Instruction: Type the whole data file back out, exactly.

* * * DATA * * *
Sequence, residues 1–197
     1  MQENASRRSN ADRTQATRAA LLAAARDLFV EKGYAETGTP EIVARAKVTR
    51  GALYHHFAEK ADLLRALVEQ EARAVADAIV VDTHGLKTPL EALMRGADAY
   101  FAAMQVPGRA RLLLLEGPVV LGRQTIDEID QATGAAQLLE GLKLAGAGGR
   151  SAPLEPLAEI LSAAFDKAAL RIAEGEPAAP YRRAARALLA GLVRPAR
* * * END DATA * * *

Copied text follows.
Sequence, residues 1–197
     1  MQENASRRSN ADRTQATRAA LLAAARDLFV EKGYAETGTP EIVARAKVTR
    51  GALYHHFAEK ADLLRALVEQ EARAVADAIV VDTHGLKTPL EALMRGADAY
   101  FAAMQVPGRA RLLLLEGPVV LGRQTIDEID QATGAAQLLE GLKLAGAGGR
   151  SAPLEPLAEI LSAAFDKAAL RIAEGEPAAP YRRAARALLA GLVRPAR